CEO Canterbury District Health Board
16 April 2018
Bouquets Wards 15 and 20, Christchurch Hospital
Since I have stayed in hospital I have been treated so well. All of you have been kind and caring to me. I haven’t been so well treated by people in the real world and coming here has put me at peace. The food is very good. I have been feeling horrible for years. Thank you for healing me. Ashley, Security, Christchurch Hospital
I was brought in by ambulance and was in a very dark place. A guy from Security was told to stay with me. How happy I am that he did as he listened to what I had to say. He was supportive and friendly, which was just what I needed at that time. Ward 18, Christchurch Hospital
Right across the board everyone has been better than great, they have been outstanding. Helpful, welltrained, cheerful, considerate and trustworthy. I felt safe, secure and in the very best of care. From the surgical staff, nurses, kitchen crew and cleaners, thank you for your care, professionalism and your humanity. Wards 12 and 10, Christchurch Hospital
Excellent service from so many people involved in my recovery. I arrived at my lowest point and everyone has helped me along the way. The nursing staff were very caring and understanding, ready and willing to assist whenever they were asked. Surgeons, cardiologists, physios,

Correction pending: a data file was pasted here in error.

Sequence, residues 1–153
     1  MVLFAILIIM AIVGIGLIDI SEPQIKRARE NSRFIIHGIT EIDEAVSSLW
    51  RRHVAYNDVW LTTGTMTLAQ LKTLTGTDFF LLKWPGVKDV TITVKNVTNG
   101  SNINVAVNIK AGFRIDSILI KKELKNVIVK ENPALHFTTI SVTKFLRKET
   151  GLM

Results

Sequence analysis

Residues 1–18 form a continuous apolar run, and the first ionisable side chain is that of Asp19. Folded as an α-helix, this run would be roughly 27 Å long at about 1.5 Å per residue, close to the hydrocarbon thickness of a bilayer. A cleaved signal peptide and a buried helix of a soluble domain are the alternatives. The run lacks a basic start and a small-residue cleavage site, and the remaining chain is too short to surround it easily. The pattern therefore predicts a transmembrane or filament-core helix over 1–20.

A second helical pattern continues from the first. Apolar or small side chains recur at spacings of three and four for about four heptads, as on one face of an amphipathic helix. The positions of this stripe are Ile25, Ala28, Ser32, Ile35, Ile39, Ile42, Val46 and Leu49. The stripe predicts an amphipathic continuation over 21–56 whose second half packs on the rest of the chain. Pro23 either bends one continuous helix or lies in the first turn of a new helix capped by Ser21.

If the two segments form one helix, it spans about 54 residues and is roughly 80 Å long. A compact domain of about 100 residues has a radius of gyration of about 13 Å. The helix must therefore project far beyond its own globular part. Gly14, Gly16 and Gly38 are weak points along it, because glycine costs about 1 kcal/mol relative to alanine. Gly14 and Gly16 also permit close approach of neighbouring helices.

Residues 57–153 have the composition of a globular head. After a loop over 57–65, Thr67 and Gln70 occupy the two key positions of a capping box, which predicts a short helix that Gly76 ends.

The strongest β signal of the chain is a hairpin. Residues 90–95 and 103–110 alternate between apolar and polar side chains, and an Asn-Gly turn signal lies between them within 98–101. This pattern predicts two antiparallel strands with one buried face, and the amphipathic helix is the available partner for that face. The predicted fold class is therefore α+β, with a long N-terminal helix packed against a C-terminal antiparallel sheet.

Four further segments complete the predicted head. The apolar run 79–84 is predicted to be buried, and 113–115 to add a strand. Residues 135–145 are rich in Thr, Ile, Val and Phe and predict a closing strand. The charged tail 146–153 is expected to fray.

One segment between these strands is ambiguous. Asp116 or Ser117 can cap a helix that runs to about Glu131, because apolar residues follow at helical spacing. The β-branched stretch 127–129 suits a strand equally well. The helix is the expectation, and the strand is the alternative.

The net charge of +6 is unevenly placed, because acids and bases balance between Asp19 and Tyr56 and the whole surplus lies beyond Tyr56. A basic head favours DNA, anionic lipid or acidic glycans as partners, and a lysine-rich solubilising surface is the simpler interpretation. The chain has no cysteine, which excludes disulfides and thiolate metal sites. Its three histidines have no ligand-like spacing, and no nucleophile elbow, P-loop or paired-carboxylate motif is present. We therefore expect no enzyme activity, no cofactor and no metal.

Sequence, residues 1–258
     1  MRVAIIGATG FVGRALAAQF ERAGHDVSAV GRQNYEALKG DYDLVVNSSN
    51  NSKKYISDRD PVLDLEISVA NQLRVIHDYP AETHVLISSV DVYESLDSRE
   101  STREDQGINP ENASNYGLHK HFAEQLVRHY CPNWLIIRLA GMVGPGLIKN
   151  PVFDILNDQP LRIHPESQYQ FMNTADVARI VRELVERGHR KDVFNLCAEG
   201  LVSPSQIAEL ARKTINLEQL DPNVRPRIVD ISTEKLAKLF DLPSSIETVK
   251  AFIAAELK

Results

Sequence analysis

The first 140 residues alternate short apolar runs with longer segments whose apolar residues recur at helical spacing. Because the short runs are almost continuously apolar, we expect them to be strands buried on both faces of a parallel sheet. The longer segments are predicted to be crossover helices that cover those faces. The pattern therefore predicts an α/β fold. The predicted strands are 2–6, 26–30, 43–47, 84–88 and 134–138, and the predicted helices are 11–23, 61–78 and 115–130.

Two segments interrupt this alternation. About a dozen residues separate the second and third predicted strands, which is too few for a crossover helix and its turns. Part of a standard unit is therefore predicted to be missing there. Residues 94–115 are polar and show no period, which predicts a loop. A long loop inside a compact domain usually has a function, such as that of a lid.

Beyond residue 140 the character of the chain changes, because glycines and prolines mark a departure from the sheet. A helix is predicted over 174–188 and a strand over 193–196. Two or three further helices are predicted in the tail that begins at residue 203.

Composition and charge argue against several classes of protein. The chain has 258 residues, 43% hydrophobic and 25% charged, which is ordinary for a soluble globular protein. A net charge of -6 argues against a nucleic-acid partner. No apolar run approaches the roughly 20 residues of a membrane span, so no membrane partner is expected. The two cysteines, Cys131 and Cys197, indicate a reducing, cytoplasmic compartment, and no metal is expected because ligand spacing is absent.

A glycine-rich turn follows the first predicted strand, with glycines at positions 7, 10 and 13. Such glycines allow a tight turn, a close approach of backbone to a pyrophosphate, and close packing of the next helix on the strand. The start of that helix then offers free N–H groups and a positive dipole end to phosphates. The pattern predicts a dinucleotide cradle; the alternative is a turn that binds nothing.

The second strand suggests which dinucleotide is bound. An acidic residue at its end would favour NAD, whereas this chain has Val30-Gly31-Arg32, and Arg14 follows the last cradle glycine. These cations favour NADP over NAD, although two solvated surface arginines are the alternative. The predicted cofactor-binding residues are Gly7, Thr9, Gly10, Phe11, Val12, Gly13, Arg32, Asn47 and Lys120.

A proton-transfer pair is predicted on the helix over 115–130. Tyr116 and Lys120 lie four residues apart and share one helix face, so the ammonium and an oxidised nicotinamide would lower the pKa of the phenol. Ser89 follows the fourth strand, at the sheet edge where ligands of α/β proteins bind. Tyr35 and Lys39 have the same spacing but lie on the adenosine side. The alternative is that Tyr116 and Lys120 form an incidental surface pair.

trainees, nurses, occupational therapists, nurse aides, anaesthetists, cleaners and everyone in between, have been superstars. Oxford Hospital
I have been here recuperating for approximately two weeks. What a great experience. Great staff, great meals and the place is just lovely, also very clean. Staff are well trained and very friendly. Thanks again. Dr Val Fletcher and Ward 24, Christchurch Hospital
Thank you Dr Fletcher and the staff of Ward 24 for the kindness and expertise shown to my wife. We are very grateful for how she was looked after. It’s hard to accept such a bolt from the blue but glad she was not suffering. She is now settled. Again many thanks. Maryanne, Ward 25, Christchurch Hospital
I have been a patient on Ward 25 on several occasions over the past year or so, due to poor lungs. I was looked after by a nurse called Maryanne. She was a great help when I was unwell, quick and efficient when support was needed. I have watched her grow over time, getting on with her job, happy to help with patients or students. Maryanne keep it up, you are a great asset to Canterbury DHB. Well done.
colleagues. His friendly manner and approachability is a breath of fresh air for a young doctor like himself on a busy ward. Staff, patients, family alike all find him to be a fantastic doctor. Thank you. Audiology, Christchurch Hospital